So far I have not had too many associations with Bydgoszcz. During a short stay in this city, I was pleasantly surprised by its atmosphere and interesting places. Exploseum was one of them! I invite you to read the article from a visit to this former Nazi factory of explosives.

Exploseum is a local branch of the District Museum. Leon Wyczółkowski in Bydgoszcz.

Lokalizacja

Despite the fact that the Exploseum is located within the borders of Bydgoszcz, a nine-kilometre drive is waiting for you from Market Square. The museum is located in the vicinity of the Bydgoszcz Industrial and Technological Park and the Bydgoszcz Forest. Exploseum is located at ul. Alfred Nobel and the access to the last section is well signposted.

At the entrance to the exhibition there is a parking lot where you can leave your car.

Tickets to Exploseum

Tickets to the Exploseum cost PLN 15 (normal) and PLN 12 (reduced). If you are going with the whole family (5 people, including 2 adults), you can buy a family ticket for PLN 40. It’s worth knowing that admission to the Explosionum is free on Thursdays.

Opening hours

The Exploseum is open all week except Mondays from 10.00-18.00. If you need a guided tour, please inform us before arrival.

History of DAG factory

Today, 8 objects are open to the public, out of … over 1000 that was once located in this area. In its heyday, the plants covered an area of more than 23 square kilometres. The plant in Bydgoszcz was established during the Second World War, and its production was focused on gunpowder and filling the ammunition. The factory belonged to the Dynamit-Aktien Gesellschaft (DAG) company. This company, however, had a much longer history. Its founder was Alfred Nobel. The company eventually became the largest producer of explosives in Germany.

By 1944, over 1,000 buildings, 400 km of roads, and 40 km of railroads were built. The head of the facility is chemist Adolf Kämpf.

One of the assumptions in the construction of the complex was to minimize the risk and effects of possible explosions, therefore the individual production stages were located in separate buildings connected with each other by tunnels. Buildings were not placed in series, and the doors of adjacent objects were never facing each other – such successive safeguards against production interruptions. The entire factory was to be invisible to enemy planes, so most of the construction elements were painted in khaki colour, and the roofs of production buildings were planted with moss and plants. Apparently, in 1944, a model of the plant was built from wooden boards, which was placed 2 kilometres from the DAG factory. It was supposed to confuse the reconnaissance planes.

At the time of maximum production, the plants employed about 30-40 thousand people. The increasing demand for labour meant that prisoners of war and forced labourers were brought to work at DAG Bromberg. At the end of 1944, the company had 18 camps with residential barracks.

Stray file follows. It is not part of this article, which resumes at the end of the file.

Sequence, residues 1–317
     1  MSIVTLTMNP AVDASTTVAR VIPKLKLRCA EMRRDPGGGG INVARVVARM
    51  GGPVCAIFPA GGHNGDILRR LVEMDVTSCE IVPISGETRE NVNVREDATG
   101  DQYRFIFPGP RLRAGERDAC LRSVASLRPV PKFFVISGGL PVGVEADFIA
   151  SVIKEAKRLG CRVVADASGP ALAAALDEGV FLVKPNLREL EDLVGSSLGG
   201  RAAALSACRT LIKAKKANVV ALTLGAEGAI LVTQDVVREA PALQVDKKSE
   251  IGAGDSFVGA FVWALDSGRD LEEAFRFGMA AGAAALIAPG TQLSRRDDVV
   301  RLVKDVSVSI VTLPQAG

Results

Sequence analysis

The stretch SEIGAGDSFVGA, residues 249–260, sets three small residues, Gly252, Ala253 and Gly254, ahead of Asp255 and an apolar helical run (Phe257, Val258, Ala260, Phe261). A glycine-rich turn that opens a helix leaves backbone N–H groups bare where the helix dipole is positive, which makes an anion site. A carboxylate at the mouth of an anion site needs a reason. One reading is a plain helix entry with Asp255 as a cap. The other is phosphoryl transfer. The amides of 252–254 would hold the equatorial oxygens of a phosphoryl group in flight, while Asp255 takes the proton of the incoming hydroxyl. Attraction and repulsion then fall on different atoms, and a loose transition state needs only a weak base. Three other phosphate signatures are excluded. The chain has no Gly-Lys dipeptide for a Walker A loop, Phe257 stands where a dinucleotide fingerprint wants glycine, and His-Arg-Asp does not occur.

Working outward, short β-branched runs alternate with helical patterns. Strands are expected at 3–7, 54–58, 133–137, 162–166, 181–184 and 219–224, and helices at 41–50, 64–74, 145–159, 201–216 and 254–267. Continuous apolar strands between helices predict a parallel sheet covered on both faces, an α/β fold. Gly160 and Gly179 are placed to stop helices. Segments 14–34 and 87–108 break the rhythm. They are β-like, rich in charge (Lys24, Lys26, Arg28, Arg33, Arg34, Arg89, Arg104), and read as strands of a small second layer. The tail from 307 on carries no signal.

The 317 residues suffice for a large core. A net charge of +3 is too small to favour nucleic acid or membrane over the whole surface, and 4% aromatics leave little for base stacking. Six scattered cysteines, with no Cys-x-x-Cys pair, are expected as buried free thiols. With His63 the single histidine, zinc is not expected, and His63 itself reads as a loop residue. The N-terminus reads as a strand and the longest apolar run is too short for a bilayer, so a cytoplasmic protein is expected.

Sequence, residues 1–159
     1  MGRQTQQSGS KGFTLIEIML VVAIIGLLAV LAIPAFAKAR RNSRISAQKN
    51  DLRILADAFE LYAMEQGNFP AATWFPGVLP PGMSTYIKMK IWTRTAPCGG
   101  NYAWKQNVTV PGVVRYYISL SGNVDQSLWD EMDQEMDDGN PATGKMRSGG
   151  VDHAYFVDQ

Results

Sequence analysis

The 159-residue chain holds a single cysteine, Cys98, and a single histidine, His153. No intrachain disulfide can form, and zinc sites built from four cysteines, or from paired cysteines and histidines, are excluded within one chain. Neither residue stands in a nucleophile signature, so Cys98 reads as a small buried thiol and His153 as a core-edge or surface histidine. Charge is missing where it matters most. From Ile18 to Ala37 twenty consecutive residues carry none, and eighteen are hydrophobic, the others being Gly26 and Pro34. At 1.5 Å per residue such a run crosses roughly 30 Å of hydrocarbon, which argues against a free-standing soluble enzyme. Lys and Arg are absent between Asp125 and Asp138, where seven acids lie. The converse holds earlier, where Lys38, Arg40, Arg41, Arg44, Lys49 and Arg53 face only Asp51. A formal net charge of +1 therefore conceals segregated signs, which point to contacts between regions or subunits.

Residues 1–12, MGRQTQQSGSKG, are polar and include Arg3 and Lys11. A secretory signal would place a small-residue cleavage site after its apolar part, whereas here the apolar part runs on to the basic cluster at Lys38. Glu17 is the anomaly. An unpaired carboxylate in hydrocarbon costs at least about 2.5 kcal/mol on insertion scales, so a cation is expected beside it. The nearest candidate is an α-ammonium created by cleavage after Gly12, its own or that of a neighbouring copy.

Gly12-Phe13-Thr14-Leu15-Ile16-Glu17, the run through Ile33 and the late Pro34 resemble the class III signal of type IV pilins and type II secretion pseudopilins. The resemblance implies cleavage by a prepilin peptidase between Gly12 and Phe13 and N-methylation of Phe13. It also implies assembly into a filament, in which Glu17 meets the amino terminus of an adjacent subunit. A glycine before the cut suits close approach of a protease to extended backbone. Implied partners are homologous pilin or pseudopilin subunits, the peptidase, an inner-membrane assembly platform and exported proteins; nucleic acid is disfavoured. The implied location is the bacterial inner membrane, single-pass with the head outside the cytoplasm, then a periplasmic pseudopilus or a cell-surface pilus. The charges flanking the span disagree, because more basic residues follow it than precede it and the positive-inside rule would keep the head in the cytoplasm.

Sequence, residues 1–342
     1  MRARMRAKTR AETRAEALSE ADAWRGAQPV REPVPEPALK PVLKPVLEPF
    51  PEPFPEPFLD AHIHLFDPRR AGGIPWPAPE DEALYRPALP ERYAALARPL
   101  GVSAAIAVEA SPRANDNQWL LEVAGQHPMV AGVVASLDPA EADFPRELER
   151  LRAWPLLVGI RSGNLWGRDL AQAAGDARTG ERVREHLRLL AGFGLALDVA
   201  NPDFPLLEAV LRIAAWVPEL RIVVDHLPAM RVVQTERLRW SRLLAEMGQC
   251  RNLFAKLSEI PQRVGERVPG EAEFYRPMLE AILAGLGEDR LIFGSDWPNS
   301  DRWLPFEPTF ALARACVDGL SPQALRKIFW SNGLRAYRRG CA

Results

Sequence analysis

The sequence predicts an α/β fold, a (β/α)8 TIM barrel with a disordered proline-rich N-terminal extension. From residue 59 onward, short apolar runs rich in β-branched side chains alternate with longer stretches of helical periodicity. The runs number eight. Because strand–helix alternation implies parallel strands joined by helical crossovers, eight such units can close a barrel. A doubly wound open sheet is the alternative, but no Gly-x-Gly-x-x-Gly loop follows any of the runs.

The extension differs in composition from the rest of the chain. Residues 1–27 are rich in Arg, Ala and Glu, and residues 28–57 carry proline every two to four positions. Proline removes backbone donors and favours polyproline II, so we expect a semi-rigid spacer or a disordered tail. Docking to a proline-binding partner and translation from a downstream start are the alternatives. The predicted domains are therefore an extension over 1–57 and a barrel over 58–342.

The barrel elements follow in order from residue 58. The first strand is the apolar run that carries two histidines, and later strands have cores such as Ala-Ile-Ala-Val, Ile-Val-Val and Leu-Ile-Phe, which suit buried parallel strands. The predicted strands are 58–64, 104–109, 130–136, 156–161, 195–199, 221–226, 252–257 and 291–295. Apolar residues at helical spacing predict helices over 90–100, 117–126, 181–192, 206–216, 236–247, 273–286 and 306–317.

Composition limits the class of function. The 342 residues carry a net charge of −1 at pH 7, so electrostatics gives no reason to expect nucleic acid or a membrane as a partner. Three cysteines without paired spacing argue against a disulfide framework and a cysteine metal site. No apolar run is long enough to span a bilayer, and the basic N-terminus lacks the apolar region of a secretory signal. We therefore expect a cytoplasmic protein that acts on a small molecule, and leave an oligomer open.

The factory was engaged in conspiratorial and subversive activities. The plant employees obtained a significant amount of intelligence and conducted sabotage activities.

Production at the DAG factory continued until the liberation of the city. The decision to evacuate the factory was made a few days before the Red Army entered. Its task was to transport all technical equipment to the USSR, and it was ordered by the War Trophy Commission.

Exploring Exploseum

As planned, visiting the Exploseum takes about 2 hours. It all depends on how deeply we delve into the narrative of the exhibition. I was with Zuzia, who is 7 years old and not all the elements interested her, so we went faster.

The tour begins in the Production Preparation Building and ends in the rolling building and warehouses. If you came by car, and I think that most of them will choose such a means of transport, you will have to walk back to the park, which will take several minutes (about 1 kilometre). great emphasis is placed on the prohibition of going off the designated routes.

Objects on the route:

  • Production preparation building
  • Production preparation building
  • Glycerin nitration building
  • Acid denitration building
  • Acid flushing building
  • Nitroglycerin stabilization building
  • Gelatinization building
  • Rolling building and warehouses

While visiting the Exploseum, I did not have time to thoroughly analyze the object and I did not know what awaited me. There were ideas in my head that they would be post-industrial interiors or some bunkers. How was it really? Well, our entire route runs between eight buildings. Most of us are underground, but we also have to come to the surface a few times. The corridors are not very spacious, but with my height of 1.9 meters, I didn’t have to bend down almost anywhere.

There are various exhibitions in individual buildings along the route. Of course, you will find there a part about the history of the plants, about armed conflicts in the world, various types of weapons, forced labour, and finally the profiles of people who worked in the plant, and about the “liberation” of the factory by the Red Army. A separate place is devoted to the figure of the founder of DAG – Alfred Nobel. The exhibitions are rich in photos and texts, and the whole is completed with multimedia.

Worth a visit?

Exploseum is a place you should visit! I am very glad that at the last moment I remembered that such an institution exists. Mysterious, post-industrial landscapes, a walk among the ruins, interesting multimedia exhibitions are only some of the arguments for a visit.

If you are in Bydgoszcz or its vicinity, plan a visit, this place is definitely unusual!